On the Townsend
Extreme Kushner Weekends / May 22-24 & June 5-8 / Love, Law, and Litigation: A Dialogue of Bias in American Sexual and Gender Identity / June 9 / Guthrie Theater, 818 S. 2nd St., Mpls. / (612) 377-2224 / www.CelebrateKushner.com / www.westlegaledecenter.com
The Guthrie’s Kushner Celebration continues its journey of art and community with two weekends of discussions free and open to the public, along with productions of Tony Kushner plays on all three stages.
And the event even has a concierge, Bob Neumeier, who says, “People come from all over the country. It’s my job to make their planning quick and easy. In most cases, I’m just a source of information. But I’ll gladly book your Kushner theater tickets, and if you like, I’ll confirm your hotel rooms, and make your dinner reservations too.”
Moreover, Kushner, the American Renaissance man of our time, will be at the epicenter of Love, Law, and Litigation, presented jointly by the Guthrie Theater and West Legal Education Center. You can attend in person at the Guthrie facility, or catch a live webcast. This presentation inquires about bias in American sexual and gender identity, and the polarization those issues elicit, asking: What is it about how we live and love, and how we see ourselves, that creates such deep legal, social, and political divides?
Guthrie Education Director Louise Chalfant calls Kushner “a visionary writer and a singular public intellectual, an artist who thinks broadly and rigorously about the social issues and psychological material out of which his art is forged.”
Indeed, Kushner is one of the most masterful playwrights ever to engage politics with entertaining and richly textured human characters. No wonder Guthrie Artistic Director Joe Dowling refers to him as the theatrical heir to the playwright paragons of social consciousness: Henrik Ibsen, George Bernard Shaw, Bertolt Brecht, and Arthur Miller.
Ramona Quimby / Through June 7 / Children’s Theatre Company, 2400 3rd Ave. S., Mpls. / (612) 874-0400 / www.childrenstheatre.org
When a kids show can bring forth an understanding of the varied struggles both kids and adults face, so both parties are made more sensitive to the other, and in a way that makes you laugh out loud, and feel uplifted, then it’s truly an achievement. Such is the victory of Children’s Theatre Company’s Ramona Quimby, dramatized by Len Jenkin from Beverly Cleary’s original book concept.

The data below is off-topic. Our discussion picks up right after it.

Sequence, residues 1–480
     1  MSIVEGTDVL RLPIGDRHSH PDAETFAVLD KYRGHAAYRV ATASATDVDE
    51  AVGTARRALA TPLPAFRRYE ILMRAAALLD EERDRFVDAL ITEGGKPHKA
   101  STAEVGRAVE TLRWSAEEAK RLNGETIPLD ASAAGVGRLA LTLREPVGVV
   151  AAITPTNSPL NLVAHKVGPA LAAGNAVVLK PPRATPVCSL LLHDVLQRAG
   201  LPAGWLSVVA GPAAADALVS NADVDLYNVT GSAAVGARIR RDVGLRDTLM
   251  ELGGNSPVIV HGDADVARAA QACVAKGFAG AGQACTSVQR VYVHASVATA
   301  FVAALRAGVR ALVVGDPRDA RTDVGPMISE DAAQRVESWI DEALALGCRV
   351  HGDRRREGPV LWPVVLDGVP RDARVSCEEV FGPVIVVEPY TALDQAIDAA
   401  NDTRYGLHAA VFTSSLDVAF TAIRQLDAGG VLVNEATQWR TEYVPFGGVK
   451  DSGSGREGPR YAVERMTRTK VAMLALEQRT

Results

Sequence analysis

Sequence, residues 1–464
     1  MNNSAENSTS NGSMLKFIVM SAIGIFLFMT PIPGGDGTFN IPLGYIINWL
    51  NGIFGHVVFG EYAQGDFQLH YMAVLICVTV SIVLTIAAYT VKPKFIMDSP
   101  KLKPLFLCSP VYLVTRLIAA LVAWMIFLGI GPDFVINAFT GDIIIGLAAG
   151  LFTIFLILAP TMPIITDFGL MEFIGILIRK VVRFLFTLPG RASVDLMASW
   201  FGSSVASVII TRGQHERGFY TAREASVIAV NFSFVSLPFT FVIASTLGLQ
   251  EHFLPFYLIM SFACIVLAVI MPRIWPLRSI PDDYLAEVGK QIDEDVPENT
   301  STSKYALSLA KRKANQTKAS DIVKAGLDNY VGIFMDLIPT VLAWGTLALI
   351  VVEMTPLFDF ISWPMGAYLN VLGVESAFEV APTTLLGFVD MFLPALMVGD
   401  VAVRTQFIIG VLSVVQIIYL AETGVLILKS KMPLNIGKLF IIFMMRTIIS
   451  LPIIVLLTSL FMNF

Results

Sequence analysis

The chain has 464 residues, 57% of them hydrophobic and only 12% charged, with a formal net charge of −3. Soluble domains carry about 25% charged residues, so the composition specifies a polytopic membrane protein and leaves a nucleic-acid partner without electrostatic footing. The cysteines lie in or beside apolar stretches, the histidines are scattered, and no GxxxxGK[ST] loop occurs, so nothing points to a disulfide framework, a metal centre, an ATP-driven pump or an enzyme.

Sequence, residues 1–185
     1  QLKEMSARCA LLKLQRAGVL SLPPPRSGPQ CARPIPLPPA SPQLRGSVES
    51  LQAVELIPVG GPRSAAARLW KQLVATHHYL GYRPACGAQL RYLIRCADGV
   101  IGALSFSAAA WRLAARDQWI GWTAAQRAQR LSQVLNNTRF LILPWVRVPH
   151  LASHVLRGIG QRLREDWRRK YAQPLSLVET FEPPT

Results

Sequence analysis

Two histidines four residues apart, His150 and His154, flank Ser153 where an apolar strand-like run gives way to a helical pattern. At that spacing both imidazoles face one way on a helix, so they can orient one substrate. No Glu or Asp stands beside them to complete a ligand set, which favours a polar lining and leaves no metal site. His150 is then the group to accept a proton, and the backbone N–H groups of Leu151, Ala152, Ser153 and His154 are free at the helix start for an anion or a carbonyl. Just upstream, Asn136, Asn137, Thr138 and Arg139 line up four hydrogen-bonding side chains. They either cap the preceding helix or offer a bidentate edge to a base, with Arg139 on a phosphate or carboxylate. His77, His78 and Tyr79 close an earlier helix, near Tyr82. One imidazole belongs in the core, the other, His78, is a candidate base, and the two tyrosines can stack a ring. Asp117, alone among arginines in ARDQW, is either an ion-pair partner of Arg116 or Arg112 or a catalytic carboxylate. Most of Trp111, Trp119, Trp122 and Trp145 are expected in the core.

Clinton Turner Davis has directed this simple contemporary tale of two sisters, Ramona, 7, and Beezus, 12, played with charming spunk by Scarlett Thompson and Maeve Coleen Moynihan. Reed Sigmund brings cuddly blue-collar gruffness as their dad, who wrestles with depression and nicotine over a job loss. Patty Mathews takes a wonderfully kooky turn as their mom, who enters the workforce for her first time. A surreal wedding sequence magically is served by Eduardo Sicango’s set and costumes, as well as Nancy Schertler’s lighting.
Story of a Rabbit / May 28-30 / Walker Art Center, 1750 Hennepin Ave., Mpls. / (612) 375-7600 / www.walkerart.org
Walker Art Center is the best filter in the region for experimental global performance work. The 2007 First Award-winner from the world’s most revered alternative performance festival, Scotland’s Edinburgh Fringe Fest, is the final selection of the Walker’s UK Performance Now! series. So, it should come as no surprise that the audience will be served tea! Welsh writer-performer Hugh Hughes delves into complex feelings surrounding death triggered by burying a dead rabbit in his garden.
Walker Performance Curator Philip Bither shares that when he saw this Hoipolloi Theatre production, Hughes seemed “to be conjuring emotions and ideas on the spot, but was actually pushing the monologue form into a full-fledged, carefully structured theatrical performance experience with his musician/performer friend [Aled Williams] offering a subtle onstage counterpoint.”
800 Words: The Transmigration of Philip K. Dick / May 28-June 7 / The Playwrights’ Center, 2301 E. Franklin Ave., Mpls. / (612) 332-7481, ext. 20 / www.workhauscollective.org
A while back, playwright Victoria Stewart brought us Nightwatches, a vivid take of New England Puritanism’s cryptic edge. Once more, she penetrates the dark with a new work based on the life of iconic sci-fi writer Philip K. Dick, featuring Luverne Seifert. Stewart’s research informed her that Dick’s twin sister, who died only a few weeks after their birth, was his formative relationship.
As Stewart explains, “He always felt that he was missing a part of himself, and was in search of his other half, often telling women he dated that they reminded him of his twin sister.”
Stewart adds that Dick’s work “gives us a sense of ‘what can be,’ but also a sense of ‘what shouldn’t be.’ He had a very funny, satirical, paranoid, and ironic look into the future. The government couldn’t be trusted, but neither could people. He was also writing about the environment before it was cool to do so.”